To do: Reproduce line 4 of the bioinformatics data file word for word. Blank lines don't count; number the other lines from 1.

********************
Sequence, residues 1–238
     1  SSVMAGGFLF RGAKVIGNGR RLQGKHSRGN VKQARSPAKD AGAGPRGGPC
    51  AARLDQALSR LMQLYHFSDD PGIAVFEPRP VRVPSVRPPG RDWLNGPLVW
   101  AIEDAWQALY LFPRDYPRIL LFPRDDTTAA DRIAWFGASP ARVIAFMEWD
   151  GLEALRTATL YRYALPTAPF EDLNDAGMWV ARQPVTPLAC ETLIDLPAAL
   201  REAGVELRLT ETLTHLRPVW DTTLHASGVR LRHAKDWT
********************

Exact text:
   101  AIEDAWQALY LFPRDYPRIL LFPRDDTTAA DRIAWFGASP ARVIAFMEWD